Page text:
This week’s running – 17th to 23rd of November 2014

Warning! Diversion!

I hate it when a plan doesn’t come together!

This week didn’t quite go according to plan…

5k from work

After the heavy weekend of a Cannon Hill Parkrun course PB and a mind numbing 10+ miles exclusively again at Cannon Hill, I was determined to get some easy miles into my legs for recovery. The plan was to increase run days to a total of 6 – my highest ever. Sadly, whilst the Monday run from work did happen, Tuesday was a write-off due to an unexpectedly late finish at the office. My 6 run week will have to happen another time.

Here’s the Garmin data for this run.

10k fartlek along Hagley Road

I really enjoyed this run last week; this repeat of it more or less cements it into my winter schedule until it starts to get brighter again in the evening.

Largely uneventful, apart from one dick driver that decided to pull up and mount the kerb, requiring evasive manoeuvres from me. He clearly didn’t see me, even though I had my head torch on strobe mode. Stay safe out there, peeps!

Here’s the Garmin data for this run.

Perry Hall Parkrun

Perry Hall Parkrun course

The Perry Hall Parkrun course

It’s been a long time coming but the second city finally has a second Parkrun.

Perry Hall Parkrun is roughly the same distance from me compared to the usual haunt of Cannon Hill, so the schedule remained pretty much unchanged to most Saturdays. The course terrain covered tarmac, grass and gravel for a cross-country feel. I used to hate cross-country as a fat kid at school, so this would be interesting…

Arriving at the venue, it was immediately apparent that parking on-site was at a premium. Whether this was due to limited spaces to begin with, or a larger number of visiting vehicles than the site can support, I’m not sure. More spaces are supposed to be made available next week, but I wasn’t certain where they would materialise.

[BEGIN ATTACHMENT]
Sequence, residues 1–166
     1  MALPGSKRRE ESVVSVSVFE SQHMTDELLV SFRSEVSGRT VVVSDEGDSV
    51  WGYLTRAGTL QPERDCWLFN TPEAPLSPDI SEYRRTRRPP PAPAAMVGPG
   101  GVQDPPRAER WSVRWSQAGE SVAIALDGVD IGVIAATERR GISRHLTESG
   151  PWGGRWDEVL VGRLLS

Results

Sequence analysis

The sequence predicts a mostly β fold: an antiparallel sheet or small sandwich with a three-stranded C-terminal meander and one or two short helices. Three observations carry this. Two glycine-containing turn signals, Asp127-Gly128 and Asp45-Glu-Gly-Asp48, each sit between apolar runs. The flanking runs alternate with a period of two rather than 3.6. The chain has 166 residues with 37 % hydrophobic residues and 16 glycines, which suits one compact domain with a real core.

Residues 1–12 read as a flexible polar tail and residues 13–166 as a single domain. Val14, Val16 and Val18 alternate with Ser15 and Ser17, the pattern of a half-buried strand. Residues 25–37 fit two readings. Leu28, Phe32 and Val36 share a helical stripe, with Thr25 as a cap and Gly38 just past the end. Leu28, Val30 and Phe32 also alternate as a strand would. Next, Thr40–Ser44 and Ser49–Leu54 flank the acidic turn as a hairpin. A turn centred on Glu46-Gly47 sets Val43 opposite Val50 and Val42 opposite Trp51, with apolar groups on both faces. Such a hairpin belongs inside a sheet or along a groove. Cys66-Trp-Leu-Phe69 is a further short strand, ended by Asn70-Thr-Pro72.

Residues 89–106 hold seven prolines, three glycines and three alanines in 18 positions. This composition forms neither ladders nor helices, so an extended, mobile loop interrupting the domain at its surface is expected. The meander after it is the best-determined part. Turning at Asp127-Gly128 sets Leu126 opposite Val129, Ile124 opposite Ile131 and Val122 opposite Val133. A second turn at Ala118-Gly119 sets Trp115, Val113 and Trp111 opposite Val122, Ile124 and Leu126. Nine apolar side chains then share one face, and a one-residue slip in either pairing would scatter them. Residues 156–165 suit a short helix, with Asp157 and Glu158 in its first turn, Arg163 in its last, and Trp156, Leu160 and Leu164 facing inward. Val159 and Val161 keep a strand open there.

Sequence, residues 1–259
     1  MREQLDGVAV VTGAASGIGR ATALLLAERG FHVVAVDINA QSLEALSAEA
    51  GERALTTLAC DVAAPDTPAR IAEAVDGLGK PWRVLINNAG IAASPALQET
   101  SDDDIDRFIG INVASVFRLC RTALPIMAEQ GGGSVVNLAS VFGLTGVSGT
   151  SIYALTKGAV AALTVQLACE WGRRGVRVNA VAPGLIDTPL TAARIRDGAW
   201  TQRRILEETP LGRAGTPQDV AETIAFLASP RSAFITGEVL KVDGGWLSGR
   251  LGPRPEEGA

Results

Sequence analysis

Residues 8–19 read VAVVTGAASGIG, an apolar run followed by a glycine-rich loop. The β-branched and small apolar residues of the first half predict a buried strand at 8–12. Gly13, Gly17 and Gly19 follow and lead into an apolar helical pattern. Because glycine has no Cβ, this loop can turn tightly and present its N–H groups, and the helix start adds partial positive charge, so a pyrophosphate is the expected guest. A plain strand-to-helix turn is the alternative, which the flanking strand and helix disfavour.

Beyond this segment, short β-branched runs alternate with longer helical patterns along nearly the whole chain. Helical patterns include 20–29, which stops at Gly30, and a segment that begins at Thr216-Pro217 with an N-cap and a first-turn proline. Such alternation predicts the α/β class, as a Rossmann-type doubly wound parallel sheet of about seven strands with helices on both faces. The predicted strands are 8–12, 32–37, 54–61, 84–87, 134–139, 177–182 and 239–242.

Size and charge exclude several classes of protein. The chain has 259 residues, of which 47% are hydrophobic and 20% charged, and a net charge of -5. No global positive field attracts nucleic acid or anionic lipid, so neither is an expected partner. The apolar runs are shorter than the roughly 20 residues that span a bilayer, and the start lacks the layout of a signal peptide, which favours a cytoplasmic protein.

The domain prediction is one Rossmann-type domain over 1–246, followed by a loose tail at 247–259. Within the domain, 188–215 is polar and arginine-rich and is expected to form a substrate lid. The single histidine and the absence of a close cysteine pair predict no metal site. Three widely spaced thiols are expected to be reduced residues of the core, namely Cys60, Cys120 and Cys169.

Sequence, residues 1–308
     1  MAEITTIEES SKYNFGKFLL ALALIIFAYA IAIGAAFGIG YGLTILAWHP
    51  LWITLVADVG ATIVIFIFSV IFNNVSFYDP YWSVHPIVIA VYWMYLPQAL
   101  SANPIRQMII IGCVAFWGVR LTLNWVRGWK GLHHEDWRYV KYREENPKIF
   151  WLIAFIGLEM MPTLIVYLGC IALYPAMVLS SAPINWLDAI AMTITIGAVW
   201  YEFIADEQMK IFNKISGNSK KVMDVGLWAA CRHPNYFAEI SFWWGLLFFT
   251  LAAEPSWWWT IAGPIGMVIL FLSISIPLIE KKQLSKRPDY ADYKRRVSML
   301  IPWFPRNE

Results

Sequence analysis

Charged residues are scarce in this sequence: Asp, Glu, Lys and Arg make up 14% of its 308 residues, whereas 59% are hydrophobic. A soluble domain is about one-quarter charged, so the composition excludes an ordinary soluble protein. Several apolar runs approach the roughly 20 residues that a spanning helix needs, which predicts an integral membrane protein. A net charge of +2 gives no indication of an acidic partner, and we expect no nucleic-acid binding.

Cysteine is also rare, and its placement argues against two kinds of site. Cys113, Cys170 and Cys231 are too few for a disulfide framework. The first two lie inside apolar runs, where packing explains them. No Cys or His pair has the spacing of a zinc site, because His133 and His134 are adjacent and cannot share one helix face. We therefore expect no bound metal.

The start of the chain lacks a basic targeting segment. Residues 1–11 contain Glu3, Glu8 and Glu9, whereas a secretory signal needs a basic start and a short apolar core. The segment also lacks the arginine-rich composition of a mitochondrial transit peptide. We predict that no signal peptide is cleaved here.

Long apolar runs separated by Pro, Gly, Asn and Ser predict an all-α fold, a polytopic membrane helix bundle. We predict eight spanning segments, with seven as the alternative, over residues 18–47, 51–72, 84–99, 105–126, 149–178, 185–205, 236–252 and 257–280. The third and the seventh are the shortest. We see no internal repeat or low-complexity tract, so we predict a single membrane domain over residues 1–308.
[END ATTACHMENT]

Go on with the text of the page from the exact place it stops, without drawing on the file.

We quickly met up with Nigel Beecroft, making up the Cannon Hill Unattached ©. Our warm-up consisted of one lap of the two-lap course, roughly resembling a figure of 8 or an hourglass. Clearly, the park was in the middle of some redevelopment; tarmac paths began and ended abruptly, and orange plastic netting blighted the landscape. The recent rain had saturated the grass sections of the course for a squelchy warm-up, making me think again about my sub-20 ambition for the morning.

Perry Hall Parkrun event number 1

Start line of the inaugural Perry Hall Parkrun – photo by Perry Hall Parkrun

Everybody regrouped by the finish line for the briefing. Expectedly, almost everyone present was an existing Parkrunner, and a Parkrun tourist at that. Despite this being my eighth different venue, this was my very first inaugural event. We made our way to the start line for what was a very civilised affair with plenty of room up front, where I found myself standing next to Cannon Hill speedster, Darren Hale.

Once into the run, I was able to stick with a group of runners at around the sub-20 pace. Developing a rhythm on the course was tricky; the tarmac and concrete paths were a touch slippery due to the rain and the grass sections absorbed a lot of energy from each foot strike. I slipped off the pace and had to let the group go, falling back to the next group behind me. Positions changed rapidly between four or five of us and I eventually settled down to draft behind the lead girl.

I normally have a decent judgment of distance, and I was certain I had run through the first km, but my Garmin kept schtum. The pace looked right and was set to minutes per km; that’s when I realised I had left it to auto-lap for every mile, which simply wasn’t regular enough given the changing pace and terrain.

Running a clean line was near impossible on the course and often, the shortest route was not necessarily the easiest. Trying to maximise traction, I ended up running wide to utilise dry patches that were less churned up. My group continued to jostle for position, but one positive was we had collectively overtaken several runners that had over-egged it in the early stages.